Which brings me to another Liverpool mural visit connection! (I will get to your book in a moment, Stuart!) Thanks to Stuart we were invited by Peter Morrison and Phil Hayes, and others, back to the lovely city to launch another mural to celebrate the city’s Irish connections. And it was there that I was introduced to Mike McGear, Paul McCartney’s younger brother who played with Scaffold (and got to Number 1 in the pop charts with Lily the Pink in 1968). Mike used the stage name McGear so that he could not be accused of trying to piggyback on the name of his famous brother. Now a practicing photographer he was very interested in the visual impact of murals and mural culture here in Ireland. Our conversation developed into the subject of Irish Liverpool solidarity down the years and he seemed real chuffed to highlight his father’s pride in his Irish roots. Inevitably, our conversation moved on to the Troubles and to the prison conflict. Mike was genuinely interested and truly amused when I told him how Bobby in his perfectionism had eventually taught himself the chords of the entire album, Band on the Run, and had treated us to a six-hour rendition of Mamunia (normal duration 4mins 50 secs – I just Googled it!), till he got it right.

That was Bobby – a perfectionist. Mike was intrigued by this story. He said it was his favourite track too, and said he wanted to learn more about Bobby and the hunger strike. Interestingly, for all you McCartney fans – what was the name of one of the best-loved nighttime stories among the blanket men that Bobby would tell, out through the narrow crack in his H-Block cell door, and which features in the film 66 Days?

You got it – Jet! from Band on the Run.

Ah, good memories.

I must also mention the night in Cage 11 Bobby sang Rod Stewart’s Mandolin Wind, accompanied by Big Rab and Tomboy on mandolin. Everyone who was there remembers the magic of that moment – when none of us knew of the nightmare ahead.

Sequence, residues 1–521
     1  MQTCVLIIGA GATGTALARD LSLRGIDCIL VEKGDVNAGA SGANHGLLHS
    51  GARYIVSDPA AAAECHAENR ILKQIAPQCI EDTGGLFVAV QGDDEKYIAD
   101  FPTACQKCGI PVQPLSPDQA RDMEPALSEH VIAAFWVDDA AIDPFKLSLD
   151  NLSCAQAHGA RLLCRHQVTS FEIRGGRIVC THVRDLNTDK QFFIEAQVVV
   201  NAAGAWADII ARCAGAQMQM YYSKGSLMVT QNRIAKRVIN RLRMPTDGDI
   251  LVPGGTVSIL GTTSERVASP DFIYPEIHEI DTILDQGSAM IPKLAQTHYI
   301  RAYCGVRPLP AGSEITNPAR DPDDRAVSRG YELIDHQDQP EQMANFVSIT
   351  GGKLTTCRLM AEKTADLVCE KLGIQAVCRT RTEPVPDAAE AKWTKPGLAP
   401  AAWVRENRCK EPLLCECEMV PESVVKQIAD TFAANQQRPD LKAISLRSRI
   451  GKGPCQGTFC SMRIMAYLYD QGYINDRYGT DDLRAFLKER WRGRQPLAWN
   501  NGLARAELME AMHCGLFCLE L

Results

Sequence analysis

Bobby Sands, codladh sámh.

And so, to Stuart’s book. Before I proceed I have to put my hands up and admit that before I turned a page I was totally delighted with this publication. Many times I’ve enjoyed Stuart’s fine company and consider him a friend. His book is a remarkable work and testimony to the possibilities of art being used as a weapon. Mandela said, “Education is the most powerful weapon which you can use to change the world.”

Well, this book educates, and more.

The layout is superb. I say that as a one-time ‘cut-and-paste’ graphic artist for An Phoblacht/Republican News back in the day, and as someone familiar with the skills of blending written word and imagery to create a single narrative. I’m momentarily back in Cage 11 again as I recall the first time I got interested in this. We had received a lot of Palestinian books and pamphlets from some friendly supporters on the outside (possibly Danny Morrison and Tom Hartley). I was struck by their layout, so easy to consume, the visuals and written information slipping into the subliminal mind with the ease of Eine Kline Nacht serenading the senses. So unobtrusive. The perfect education tool.

And that, to his credit, is what Stuart has achieved here. His ability to fuse mural imagery – whether on the walls or, in this case, on the pages of his book – with his narrative, and subsequently trace the history of this British ‘Troubled’ but beautiful wee island from competing perspectives.

Stuart’s masterly and perfectionist approach to his photography not only dumbfounded me but shocked many of his other Belfast friends with his totally insane excursions! He would alarm his hosts, rising pre-dawn, to go out to get the perfect camera angle or lighting effect! What he sought, I think you’ll agree, was worth those inhospitable expeditions. The photographs stand alone as beautiful works of art regardless of the murals within.

Some of his work is so stunning that I felt a little pride in my own work… and to achieve that in another artist is remarkable.